Featured image taken by The Muse’s photographer Komran Mackey.
This past Saturday, people joined the Canadian Federation of Students (CFS) at the Colonial Building by Bannerman Park for a rally against austerity.
The recently published Greene Report attempts to solve the budget crisis currently facing Newfoundland Labrador. The report, which has been referred to as the ‘Big Reset,’ calls for slashes to post-secondary education. Moya Greene, appointed by the provincial Liberal government, has recommended that “operating grants for Memorial University and the College of the North Atlantic be slashed by 30 per cent, at a rate of five per cent annually.” It has been proposed and confirmed that this budget cut will lead to a dramatic increase in tuition: According to CFS NL, a 30% cut to MUN’s funding by 2026. will lead to a doubling of tuition costs.
MUN students have been fighting against this drastic cut to education. As Newfoundland Labrador is a dramatically ageing population (meaning there are more older people than younger people), the province is facing a demographic crisis as well as a fiscal one. Many students argue that by cutting the funding to Memorial, the province’s only university, the province only pushes would-be young people (AKA tax payers and the work force) to other provinces on the mainland. This issue speaks to local students who would not have chosen to stay home to go to MUN if the school’s tuition cost the same as other universities in the Maritimes or across the country.
Furthermore, international students already pay over four times as much as local students, and over three times more than Canadian students not originating from Newfoundland Labrador. However, many international students one speaks to regarding MUN will tell you: they, like local students, come for the cheap tuition. It will deter international students from attending our university if the (already unfair) fees hike any higher.
The Protest Logistics
The protest saw a turnout of roughly 200 people. As we from The Muse entered, our contact tracing information was taken and we were given hand sanitizer as well as CFS-branded tote bags which included whistles and information pamphlets. CFS had volunteers providing ASL translation and hearing assistance devices, first aid (provided by Avalon First Aid), as well as some volunteers amongst the crowd to hand out water bottles and other informational pamphlets.
Organizations that had some sort of signage present included CFS, MUNSU, the Communist Party of Newfoundland Labrador and NAPE (Newfoundland and Labrador Association of Public and Private Employees).
The speakers were extremely powerful and passionate. A list of speakers present include:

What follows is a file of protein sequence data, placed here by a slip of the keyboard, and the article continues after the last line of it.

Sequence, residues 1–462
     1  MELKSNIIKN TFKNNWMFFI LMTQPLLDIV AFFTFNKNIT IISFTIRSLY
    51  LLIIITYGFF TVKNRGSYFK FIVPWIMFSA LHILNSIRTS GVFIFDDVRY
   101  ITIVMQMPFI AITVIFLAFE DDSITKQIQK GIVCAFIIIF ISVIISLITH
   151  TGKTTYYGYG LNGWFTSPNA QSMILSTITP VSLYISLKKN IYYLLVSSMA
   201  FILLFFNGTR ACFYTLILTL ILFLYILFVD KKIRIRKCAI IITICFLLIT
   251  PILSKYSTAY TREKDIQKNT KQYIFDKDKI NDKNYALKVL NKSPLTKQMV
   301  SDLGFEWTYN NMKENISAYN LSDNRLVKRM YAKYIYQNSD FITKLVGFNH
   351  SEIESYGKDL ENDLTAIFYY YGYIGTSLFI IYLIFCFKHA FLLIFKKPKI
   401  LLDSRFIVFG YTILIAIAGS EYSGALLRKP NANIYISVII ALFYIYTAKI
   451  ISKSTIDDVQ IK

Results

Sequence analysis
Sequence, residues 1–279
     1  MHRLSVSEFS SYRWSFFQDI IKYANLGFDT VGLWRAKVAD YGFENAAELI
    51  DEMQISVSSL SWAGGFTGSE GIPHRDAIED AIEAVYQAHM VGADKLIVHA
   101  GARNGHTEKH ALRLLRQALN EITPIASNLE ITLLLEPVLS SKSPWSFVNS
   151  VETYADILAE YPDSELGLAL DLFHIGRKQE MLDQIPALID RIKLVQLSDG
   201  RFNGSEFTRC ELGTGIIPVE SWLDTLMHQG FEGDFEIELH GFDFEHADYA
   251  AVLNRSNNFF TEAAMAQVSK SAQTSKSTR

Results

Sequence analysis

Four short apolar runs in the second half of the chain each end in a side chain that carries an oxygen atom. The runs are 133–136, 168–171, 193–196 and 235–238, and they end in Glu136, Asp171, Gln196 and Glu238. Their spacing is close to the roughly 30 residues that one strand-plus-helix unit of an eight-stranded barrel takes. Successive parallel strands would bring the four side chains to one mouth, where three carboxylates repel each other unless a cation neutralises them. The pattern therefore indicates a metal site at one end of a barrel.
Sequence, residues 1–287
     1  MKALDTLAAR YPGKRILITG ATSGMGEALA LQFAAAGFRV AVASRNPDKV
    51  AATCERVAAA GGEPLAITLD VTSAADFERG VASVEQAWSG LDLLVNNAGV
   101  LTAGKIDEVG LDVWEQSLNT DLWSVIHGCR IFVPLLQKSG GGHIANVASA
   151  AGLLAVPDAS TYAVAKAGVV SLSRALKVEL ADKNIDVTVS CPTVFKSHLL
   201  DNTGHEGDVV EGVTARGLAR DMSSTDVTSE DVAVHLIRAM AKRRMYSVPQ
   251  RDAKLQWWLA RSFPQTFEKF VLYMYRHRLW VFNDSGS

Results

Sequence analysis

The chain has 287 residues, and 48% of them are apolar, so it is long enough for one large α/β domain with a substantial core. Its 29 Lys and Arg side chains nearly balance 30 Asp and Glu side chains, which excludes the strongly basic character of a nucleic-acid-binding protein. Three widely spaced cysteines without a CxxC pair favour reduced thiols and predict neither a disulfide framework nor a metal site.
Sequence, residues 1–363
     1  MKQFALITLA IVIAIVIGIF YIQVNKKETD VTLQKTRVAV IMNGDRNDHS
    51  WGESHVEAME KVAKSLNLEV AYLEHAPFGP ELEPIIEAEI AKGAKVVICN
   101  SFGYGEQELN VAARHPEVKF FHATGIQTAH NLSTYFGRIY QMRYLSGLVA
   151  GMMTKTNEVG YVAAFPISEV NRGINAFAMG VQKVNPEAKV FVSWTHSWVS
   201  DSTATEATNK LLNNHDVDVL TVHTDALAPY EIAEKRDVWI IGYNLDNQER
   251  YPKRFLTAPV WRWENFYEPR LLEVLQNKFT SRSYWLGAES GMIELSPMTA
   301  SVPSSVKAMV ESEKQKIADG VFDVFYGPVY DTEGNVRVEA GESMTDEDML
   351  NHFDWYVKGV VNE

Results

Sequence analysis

- Kat McLaughlin, the Newfoundland Labrador Representative for CFS, who offered a Land Acknowledgement and Introductions;
- Robert Leamon of the Indigenous Activist Collective;
- Jessica McCormick of the People’s Recovery Report;
- Raven Khadeja and Precious Familusi of Black Lives Matter NL;
- Gemma Etchegary of Fridays for Future NL;
- Apoorv Singh of ARCNL (Anti-Racism Coalition of NL) and offering the International Student Perspective;
- Mackenzie Nolan offering the rural student perspective;
- MP Jack Harris, New Democratic Party MP elected to St. John’s East;
- Mary Shortall from the NL Federation of Labourl
- Isabel Ojeda, who read and proposed that students send an email to their local representatives (from the email campaign found here);
- and finally McLaughlin again to offer closing remarks.
The Muse was able to grab a comment from Kat McLaughlin, the Newfoundland Labrador Representative for CFS as pictured above. Here is what she had to say:
“Today students and community members are coming together to rally against the cuts to funding at Memorial University, to rally against the austerity, and the cuts to education by the Liberal government. We are bringing together the voices of students from across our community. We have international students, rural students, high school students, alumni – we have community members and community organizations, activist organizations, all coming together to share their perspectives on why education is a must and why accessible education is a must.
Today we hope to bring these voices together to show that accessible education is vital and necessary to this province. To show that community members across the province, country, and world need accessible education. To show that marginalized folks are going to be the most impacted by these cuts.”
Many of the speakers touched on the rights and issues related to education of Black, Indigenous, and other people groups of colour, decolonization and criticized capitalism. Speaker Robert Leamon of the Indigenous Activist Collective stated:
“[Education] should be freely shared for the benefit of all. Instead, we see capitalist, colonial governments, like the Furey government, defunding education, seeking to turn knowledge into a commodity that can be bought and sold.”
If you were unable to make it on Saturday but wish to learn more about CFS NL, find their Linktree here.